Monthly Archives: November 2017

Running A Sub Four Marathon – Running, Racing and Training

I’ve had a few, but too few to mention.  If there was a pop song about my quest for the sub-four-hour marathon that would be a key line in the ballad.  In the world of marathon running a sub-four-marathon to some is a routine benchmark.  To others it’s a goal still on the horizon.  To me it has always been a waterline of marathon success.

I ran my first marathon in April of 2005.  When I began my marathon journey I believed it would be a fair bet to say one marathon would be enough.  17 years later with 23 finishes I’ve run four, sub-four-hour marathons.  I’ve read that less than 1% of the population have completed a full marathon.  That got me to wonder what percentage have run a sub-four?  It took me eight years to reach this milestone, running 3:56:57 in 2013 at the Niagara Falls International Marathon.

What I’ve learned running seven sub-four-hour marathons.

Niagara Falls Marathon, 2013 – 3:56:57

City of Oaks Marathon, 2016 – 3:56:06

Myrtle Beach Marathon, 2017 – 3:53:47

Outer Banks Marathon, 2017 – 3:59:22

Clearwater Distance Classic Marathon, 2018 – 3:54:12

Cleveland Marathon, 2018 – 3:58:57

Atlantic City Marathon, 2018 – 3:52:28 – PR

  1. Pace is key.  When I look back at my successful sub-four-hour times my pace was very steady and predictable.  In reviewing the data from the race what I saw was a steady pace with no high patches and no low patches.  This proved to me that a steady pace wins the race and runs a successful sub-four-hour marathon.
  2. Make effective use of the aide stations.  During a 26.2-mile race you need to take advantage of the aide stations but what you can’t do is waste a lot of time in the process.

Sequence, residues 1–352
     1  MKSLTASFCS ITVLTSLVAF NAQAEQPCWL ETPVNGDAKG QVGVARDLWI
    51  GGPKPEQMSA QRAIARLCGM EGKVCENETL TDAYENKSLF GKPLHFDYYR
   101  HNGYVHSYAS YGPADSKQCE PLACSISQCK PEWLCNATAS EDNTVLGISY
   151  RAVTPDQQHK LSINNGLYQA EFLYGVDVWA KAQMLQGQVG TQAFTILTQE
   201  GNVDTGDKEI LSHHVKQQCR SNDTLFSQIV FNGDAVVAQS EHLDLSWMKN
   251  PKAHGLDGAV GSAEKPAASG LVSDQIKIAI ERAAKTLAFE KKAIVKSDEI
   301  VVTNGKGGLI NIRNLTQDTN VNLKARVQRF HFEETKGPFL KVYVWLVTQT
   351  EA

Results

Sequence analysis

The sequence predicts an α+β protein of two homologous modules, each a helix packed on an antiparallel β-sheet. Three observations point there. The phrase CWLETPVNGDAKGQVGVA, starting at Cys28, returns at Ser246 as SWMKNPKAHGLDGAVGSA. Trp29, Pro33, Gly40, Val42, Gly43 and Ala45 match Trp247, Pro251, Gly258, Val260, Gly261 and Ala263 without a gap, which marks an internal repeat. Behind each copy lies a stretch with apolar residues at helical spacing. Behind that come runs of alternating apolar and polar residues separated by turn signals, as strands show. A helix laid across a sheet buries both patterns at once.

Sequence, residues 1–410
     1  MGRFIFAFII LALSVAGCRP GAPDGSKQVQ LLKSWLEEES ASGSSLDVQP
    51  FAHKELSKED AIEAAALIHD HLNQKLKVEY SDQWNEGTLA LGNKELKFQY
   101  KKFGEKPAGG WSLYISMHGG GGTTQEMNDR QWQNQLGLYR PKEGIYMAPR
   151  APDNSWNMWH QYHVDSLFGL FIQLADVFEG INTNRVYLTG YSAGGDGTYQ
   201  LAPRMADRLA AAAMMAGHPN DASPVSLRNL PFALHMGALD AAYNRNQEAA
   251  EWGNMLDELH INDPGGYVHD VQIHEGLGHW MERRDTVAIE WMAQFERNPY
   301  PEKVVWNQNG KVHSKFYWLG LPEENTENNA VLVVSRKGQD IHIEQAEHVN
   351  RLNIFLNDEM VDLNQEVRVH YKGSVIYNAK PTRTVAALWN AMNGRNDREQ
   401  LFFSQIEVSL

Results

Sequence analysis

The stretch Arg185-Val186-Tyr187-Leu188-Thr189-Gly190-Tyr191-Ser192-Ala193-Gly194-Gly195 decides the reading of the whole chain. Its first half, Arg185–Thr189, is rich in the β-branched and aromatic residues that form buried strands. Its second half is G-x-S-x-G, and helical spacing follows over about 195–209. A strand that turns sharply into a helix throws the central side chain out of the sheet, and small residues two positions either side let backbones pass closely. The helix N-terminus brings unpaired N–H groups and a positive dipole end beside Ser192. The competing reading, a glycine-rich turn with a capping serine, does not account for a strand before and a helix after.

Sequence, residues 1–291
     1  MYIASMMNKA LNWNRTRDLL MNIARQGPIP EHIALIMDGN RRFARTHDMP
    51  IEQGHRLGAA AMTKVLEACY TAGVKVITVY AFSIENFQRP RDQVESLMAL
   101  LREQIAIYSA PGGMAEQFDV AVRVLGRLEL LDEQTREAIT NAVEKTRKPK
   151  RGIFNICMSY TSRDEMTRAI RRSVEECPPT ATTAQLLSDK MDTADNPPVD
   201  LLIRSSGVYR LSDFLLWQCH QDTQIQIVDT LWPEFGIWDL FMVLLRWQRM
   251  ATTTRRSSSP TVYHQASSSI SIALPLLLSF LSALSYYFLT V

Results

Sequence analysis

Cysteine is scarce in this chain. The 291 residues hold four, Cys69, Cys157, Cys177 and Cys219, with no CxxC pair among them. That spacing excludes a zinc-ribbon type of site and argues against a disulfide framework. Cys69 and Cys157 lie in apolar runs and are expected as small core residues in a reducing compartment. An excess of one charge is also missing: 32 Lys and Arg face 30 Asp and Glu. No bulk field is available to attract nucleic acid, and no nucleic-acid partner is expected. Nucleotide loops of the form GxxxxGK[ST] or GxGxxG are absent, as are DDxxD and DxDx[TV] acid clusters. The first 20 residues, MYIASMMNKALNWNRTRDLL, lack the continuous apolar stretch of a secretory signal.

3. Have something left in the tank to fight for at the finish.  Somewhere around mile 18, I normally can tell if I have fight left in me.  I believe this is different than hitting the wall.  To me, hitting the wall means that a finish may be in question.  Comparing my four sub-four finishes with when I came up short, finishing was never an issue, fighting to the finish was.  A successful sub-four meant I had fight left in me at the end.
  4. Never give up on the dream.

Want to run your best race, check out my book – 26.2 Tips to Run Your Best Marathon (or any race for that matter.)

[Tweet “Brian aka @cledawgs breaks down lessons from running a successful sub-four-hour marathon”]

What I’ve learned coming close, but did not get to open the sub-four-hour champagne.

Windermere Marathon (2014) – 4:04:05

Air Force Marathon (2014) – 4:07:08

Cleveland Marathon (2017) – 4:04:06

  1. I tried to run too fast.  In some cases, I did not watch my pace, I went out to fast or I fell in love with a faster finishing time.
  2. I failed to run my race, and my plan.  At some point in the race I got caught up in the number of people passing me.  I began to believe I should be able to run with this person or that person and I ended up running their race and not mine.
  3. I could not stop the bleeding.  Once I got off target, I could not get the ship righted.  Once I started giving back time to the clock, I simply could not stop the bleeding, things either got worse or the got no better.

A sub-four-hour marathon is not a judgement of your marathon ability.  We each bring our own value to the race.  Some run to BQ, some run to finish and some run to get what “they” value as a benchmark time.

Outer Banks Marathon – Running and Racing 26.2 Miles

Outer Banks Marathon 2017

When I signed up for the Outer Banks Marathon, the first thing that came to mind was the ocean front, wind and sand.  When I left the Outer Banks (OBX) after running the 2017 edition of the marathon what came to mind was that this race had it all.